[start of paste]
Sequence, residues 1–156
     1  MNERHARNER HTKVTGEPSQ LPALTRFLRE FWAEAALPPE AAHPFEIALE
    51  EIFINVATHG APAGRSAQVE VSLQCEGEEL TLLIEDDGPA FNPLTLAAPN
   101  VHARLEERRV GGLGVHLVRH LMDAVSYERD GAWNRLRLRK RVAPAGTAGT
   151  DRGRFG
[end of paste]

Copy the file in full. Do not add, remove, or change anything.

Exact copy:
Sequence, residues 1–156
     1  MNERHARNER HTKVTGEPSQ LPALTRFLRE FWAEAALPPE AAHPFEIALE
    51  EIFINVATHG APAGRSAQVE VSLQCEGEEL TLLIEDDGPA FNPLTLAAPN
   101  VHARLEERRV GGLGVHLVRH LMDAVSYERD GAWNRLRLRK RVAPAGTAGT
   151  DRGRFG